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A recent decision by a federal appellate court provides a stark reminder that liability can extend to directors and officers of both for-profit and non-profit entities for failing to observe fiduciary duties. In Official Comm. Of Unsecured Creditors ex rel. Lemington Home for the Aged v. Baldwin (In re Lemington), No. 13-2707, 2015 WL 305505 (3rd Cir. 2015), the Third Circuit Court of Appeal found directors and officers individually responsible for mismanagement that rose to the level of a breach of fiduciary duties that were owed to the creditors when the organization became insolvent. This article briefly reviews the opinion and provides key action items for directors and officers to consider as they walk into their next meeting.
In today’s technologically advanced world, employees are often logging on to check personal email and social media at work. While this does not seem to pose a major problem in and of itself, issues can arise when (1) the content of those social media posts or personal emails affect the employer, or (2) when the employer seeks to obtain or use those posts or emails in litigation.
The Federal Stored Communications Act (SCA) generally protects an individual’s personal emails from discovery in a lawsuit. It provides that an Internet Service Provider (like Yahoo, Gmail, or AOL) need not respond to a civil subpoena for an individual’s personal emails. 18 U.S.C. § 2702(a)(1). Courts have held that the protections afforded by the SCA, or at least portions thereof, extend to social media posts in certain circumstances.
For example, a federal district court in New Jersey recently held that non-public Facebook posts are covered by the SCA. In Ehling v. Monmouth-Ocean Hosp. Serv. Corp., 961 F.Supp.2d 659 (D.N.J. 2013), the plaintiff was a registered nurse and paramedic. She maintained a Facebook account, and her privacy settings enabled only her “friends” to view her wall posts. These “friends” included some of her co-workers, but no managers. One co-worker, on his own initiative, began to take screenshots of the plaintiff’s wall posts and send them to the plaintiff’s employer.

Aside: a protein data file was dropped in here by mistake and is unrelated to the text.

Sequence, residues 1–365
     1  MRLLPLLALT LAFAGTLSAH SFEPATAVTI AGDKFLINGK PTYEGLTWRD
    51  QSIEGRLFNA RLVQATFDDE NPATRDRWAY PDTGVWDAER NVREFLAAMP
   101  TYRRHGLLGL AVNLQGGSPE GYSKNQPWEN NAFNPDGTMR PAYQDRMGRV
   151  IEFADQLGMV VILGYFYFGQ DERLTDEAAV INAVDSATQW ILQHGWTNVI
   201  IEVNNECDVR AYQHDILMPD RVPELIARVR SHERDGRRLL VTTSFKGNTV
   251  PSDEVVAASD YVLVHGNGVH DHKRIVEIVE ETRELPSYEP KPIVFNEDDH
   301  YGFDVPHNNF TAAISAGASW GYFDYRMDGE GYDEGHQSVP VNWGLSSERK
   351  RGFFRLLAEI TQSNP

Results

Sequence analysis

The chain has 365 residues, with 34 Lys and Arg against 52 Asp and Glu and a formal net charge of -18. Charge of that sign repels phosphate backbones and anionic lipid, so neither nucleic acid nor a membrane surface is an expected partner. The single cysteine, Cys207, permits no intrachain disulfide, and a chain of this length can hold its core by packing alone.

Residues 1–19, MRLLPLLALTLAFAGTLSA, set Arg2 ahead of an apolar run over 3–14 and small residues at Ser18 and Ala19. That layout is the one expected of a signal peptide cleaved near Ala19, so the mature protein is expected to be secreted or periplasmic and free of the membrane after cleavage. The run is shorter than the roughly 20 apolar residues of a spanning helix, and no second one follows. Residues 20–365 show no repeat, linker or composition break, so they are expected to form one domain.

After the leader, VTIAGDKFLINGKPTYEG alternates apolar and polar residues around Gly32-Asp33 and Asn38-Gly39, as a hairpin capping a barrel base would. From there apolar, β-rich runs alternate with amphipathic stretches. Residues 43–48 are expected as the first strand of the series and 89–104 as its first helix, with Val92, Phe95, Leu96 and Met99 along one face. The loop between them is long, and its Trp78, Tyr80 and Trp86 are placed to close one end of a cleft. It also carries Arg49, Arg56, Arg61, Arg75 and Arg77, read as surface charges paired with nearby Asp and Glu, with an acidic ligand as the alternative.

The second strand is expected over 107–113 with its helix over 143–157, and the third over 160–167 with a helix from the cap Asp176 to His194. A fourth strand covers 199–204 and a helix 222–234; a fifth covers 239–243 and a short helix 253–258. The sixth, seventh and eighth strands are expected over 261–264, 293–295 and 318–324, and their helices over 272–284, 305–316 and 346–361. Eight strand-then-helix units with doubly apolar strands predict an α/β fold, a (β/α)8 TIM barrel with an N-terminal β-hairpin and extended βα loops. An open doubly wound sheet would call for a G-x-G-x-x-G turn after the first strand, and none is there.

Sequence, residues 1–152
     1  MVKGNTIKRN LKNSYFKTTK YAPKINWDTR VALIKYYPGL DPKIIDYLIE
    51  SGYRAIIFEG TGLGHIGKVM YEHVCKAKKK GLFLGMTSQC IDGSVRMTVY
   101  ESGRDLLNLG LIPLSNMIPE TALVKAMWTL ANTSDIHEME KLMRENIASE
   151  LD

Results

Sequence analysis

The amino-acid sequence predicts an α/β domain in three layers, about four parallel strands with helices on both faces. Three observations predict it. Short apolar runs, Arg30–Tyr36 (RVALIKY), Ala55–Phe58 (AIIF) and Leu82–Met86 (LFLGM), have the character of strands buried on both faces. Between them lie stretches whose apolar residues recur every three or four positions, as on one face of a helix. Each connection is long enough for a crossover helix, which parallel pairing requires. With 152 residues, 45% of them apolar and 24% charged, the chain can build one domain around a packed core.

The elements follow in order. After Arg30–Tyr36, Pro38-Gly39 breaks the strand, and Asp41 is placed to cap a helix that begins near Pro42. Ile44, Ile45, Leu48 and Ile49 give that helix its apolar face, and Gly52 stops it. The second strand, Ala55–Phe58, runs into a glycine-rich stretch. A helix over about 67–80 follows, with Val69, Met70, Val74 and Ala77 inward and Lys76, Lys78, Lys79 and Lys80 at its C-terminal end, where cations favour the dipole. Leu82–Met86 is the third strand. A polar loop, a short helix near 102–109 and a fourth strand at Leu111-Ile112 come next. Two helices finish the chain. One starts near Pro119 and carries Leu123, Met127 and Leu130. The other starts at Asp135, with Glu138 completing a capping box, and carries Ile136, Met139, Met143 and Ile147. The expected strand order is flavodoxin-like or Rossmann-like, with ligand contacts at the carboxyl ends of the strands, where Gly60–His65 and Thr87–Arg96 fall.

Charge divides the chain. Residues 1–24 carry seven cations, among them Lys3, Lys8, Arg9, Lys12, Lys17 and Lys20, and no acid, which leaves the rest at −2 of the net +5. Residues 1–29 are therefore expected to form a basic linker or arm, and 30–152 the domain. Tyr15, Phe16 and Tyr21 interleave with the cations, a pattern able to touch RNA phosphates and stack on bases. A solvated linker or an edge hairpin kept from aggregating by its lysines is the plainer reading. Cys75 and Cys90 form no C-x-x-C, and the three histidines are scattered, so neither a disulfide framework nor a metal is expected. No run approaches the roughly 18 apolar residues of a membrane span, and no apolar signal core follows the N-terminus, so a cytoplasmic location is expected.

The plaintiff posted a Facebook comment about a shooting at the D.C. Holocaust Museum. She was later suspended as a result of that comment. The plaintiff sued her employer under the SCA. Although the court found for the employer because the post was legally accessed by one of her “friends,” the court did conclude that the non-public Facebook post was covered by the FCA. Ehling and similar causes reveal that courts are willing to protect such posts in the right circumstances.
To address the SCA and cases like Ehling, we recommend that employers require their employees to specifically consent to the employer’s use of such Internet content in a narrow set of circumstances. The SCA contains an exception that allows an Internet Service Provider to divulge the contents of a private email “with the lawful consent of the originator or an addressee or intended recipient of such communication.” 18 U.S.C. § 2702(b)(3). Accordingly, we recommend that all employers consider outlining, in policies, that the employer may (1) use social media posts for employment decisions, and/or (2) access an employee’s posts or personal emails in the event of litigation, if those posts or emails are about the subject of the litigation. Employees should consent to these policies in writing. While such policies will not guarantee an employer’s broad access to such emails or posts, and will not guarantee an employer is insulated from liability in all cases where it accesses such information, these policies will go a long way toward removing the expectation of privacy an employee may have in such posts or emails.
Please feel free to contact us if you have any questions or would like assistance in drafting such policies.